Technical SEO Explained
According to the Australian Bureau of Statistics, the number of Australian businesses with web presence increased from 48.6% in 2014 to 51.1% in 2017. With more and more businesses turning towards the internet to market their products and services, and with Google reportedly processing around 3.5 Billion searches daily with 28.5% of all users clicking on the first organic result in the SERP (search engine results pages), ranking high has never been more urgent. Making sure you rank in SERP and gain traffic organically by improving technical ranking factors is the goal of Technical SEO. So if you want to grow your business by increasing organic traffic to your website, technical SEO is very relevant, now more than ever.
What is Technical SEO?
SEO (search engine optimisation) is the process of improving web content and user experience for the purpose of increasing organic website traffic via search results. Meanwhile, Technical SEO is the aspect of SEO that optimises technical structures of a site to improve ranking in SERP.
What does Technical SEOs do?
Make sure your site is crawlable
For search engines to answer queries by listing a list of most relevant web pages in the SERP, they use bots that index every new page published online to keep their database updated and make sure they are offering the most relevant answers to users. Bots, also known as crawlers or spiders, rely on several ranking factors, some of which are technical, to analyze your content and determine whether search engines should rank you and which keywords you should rank for. Unfortunately, there will be moments when crawlers cannot access certain web pages. In these instances, technical SEO can:
A. Remove robots.txt
When search engines can’t crawl a web page, look into your robots.txt, noindex meta tag, or X-Robots-Tag as most often, these keep Google from indexing a web page.
B. Make a sitemap
Technical SEO can also give crawlers access to web pages by creating a sitemap containing all the links in your website that you wish to be indexed and submitting it directly to search engines.
D. Optimise your crawl budget
There’s a limit to how many of your web pages are crawled on a daily basis. Though this is not a concern for most publishers, huge websites (more than a few thousand urls) need to optimise crawl budget by prioritizing which pages to crawl and when.
Make sure all your pages are indexed
Search engines crawl all websites to gather information that they file in a database known as index. It’s necessary for a page to be indexed by a search engine so that it can be displayed in the search results.
A. Use a Web crawler
To see which of your web pages are indexed, use a Web crawler or consult Google Console’s Index Coverage Status Report and check the errors section. If there are plenty of errors, verify if you have pages that are restricted or require logins to access.
B. Optimise URLs
You should also optimise your URLs because they contain keywords that can also rank in SERP. Always keep your URLs short and descriptive. Your URL should make sense to potential readers and immediately give an idea of what your page contains.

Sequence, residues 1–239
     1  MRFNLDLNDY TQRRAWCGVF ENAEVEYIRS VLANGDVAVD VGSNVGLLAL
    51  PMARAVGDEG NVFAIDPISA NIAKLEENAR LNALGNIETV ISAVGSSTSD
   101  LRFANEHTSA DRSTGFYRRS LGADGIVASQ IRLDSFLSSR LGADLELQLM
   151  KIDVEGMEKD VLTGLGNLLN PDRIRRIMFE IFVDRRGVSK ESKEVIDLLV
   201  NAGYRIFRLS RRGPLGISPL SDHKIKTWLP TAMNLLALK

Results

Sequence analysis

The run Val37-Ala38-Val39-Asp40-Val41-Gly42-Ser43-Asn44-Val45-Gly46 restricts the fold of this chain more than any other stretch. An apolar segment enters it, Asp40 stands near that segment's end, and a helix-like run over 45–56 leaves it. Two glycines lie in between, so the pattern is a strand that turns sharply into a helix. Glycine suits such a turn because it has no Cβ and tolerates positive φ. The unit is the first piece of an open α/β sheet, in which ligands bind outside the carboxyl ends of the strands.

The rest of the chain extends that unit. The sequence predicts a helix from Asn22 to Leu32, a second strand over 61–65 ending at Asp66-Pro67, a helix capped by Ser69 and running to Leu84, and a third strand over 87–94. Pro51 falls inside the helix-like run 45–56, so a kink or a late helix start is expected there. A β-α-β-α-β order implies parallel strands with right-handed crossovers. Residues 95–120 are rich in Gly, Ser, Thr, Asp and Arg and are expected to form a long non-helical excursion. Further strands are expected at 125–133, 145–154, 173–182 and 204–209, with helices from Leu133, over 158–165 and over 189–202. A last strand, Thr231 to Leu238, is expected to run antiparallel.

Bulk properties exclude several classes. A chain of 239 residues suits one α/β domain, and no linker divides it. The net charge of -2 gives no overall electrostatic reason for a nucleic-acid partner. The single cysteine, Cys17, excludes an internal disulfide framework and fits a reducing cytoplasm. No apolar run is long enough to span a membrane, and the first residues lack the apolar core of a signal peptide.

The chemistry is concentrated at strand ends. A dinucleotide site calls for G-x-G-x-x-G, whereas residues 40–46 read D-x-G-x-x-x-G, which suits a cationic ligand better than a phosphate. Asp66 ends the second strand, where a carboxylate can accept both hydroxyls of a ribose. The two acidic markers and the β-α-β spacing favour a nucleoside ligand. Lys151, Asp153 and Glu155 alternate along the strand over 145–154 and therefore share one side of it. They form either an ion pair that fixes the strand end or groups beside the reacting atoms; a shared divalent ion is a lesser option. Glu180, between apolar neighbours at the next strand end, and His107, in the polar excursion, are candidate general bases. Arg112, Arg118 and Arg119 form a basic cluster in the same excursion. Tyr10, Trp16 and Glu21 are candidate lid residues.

Improve your website accessibility.
Websites are made with the user in mind. If users are disappointed or they cannot access your content at all, all the effort you put into your website is useless. Subpar user experience and inaccessibility can spell doom for your website and business because lack of traffic means zero potential customers.
A. Improve loading speed
The first thing you have to watch out for is the loading speed. According to research by Google, “the average mobile site takes over fifteen seconds to load while people expect them to load in less than three seconds before they consider leaving altogether.” Every second matters if you want users to view your page. To make your website load faster, use fast web hosting and fast DNS, also, minimize image sizes.
B. Optimise for Mobile Usage
With the prediction that there will be 19.27 million mobile phone internet users in Australia by 2022, it is imperative that websites are optimised for mobile usage. Use Google’s Mobile Friendly Test tool to see if your website is mobile device friendly.
C. Make navigation easier
Navigating websites with pages upon pages of content can be confusing for any user. That’s why Technical SEO prescribes the use of breadcrumbs, a form of navigational aid usually found at the top of a page that shows a trail of where you’ve been in the website.
Breadcrumbs make your page easier to navigate. Additionally, it gives search engines an idea of how your website is structured.
Improve your website security
In order to transfer data between client computers and web servers through the internet’s many networks, we use a protocol or syntax called HTTP (hypertext transfer protocol). HTTP allows fast transfer of data; however, it isn’t secure. That’s why technical SEO adds another protocol to it, SSL (secure socket layer), and uses HTTPS instead so the data transferred will be encrypted. Though this may seem like a minor matter, HTTPS was introduced as a ranking factor in 2014.
Have you tried the Technical SEO strategies listed above? See how your website fairs in terms of technical SEO with 532m’s free page audit. 532m is one of Sydney’s leading growth marketing specialists and is one of the pioneers for SEO services in Australia. Call us today at (02) 8604 4036 or fill out the contact form below!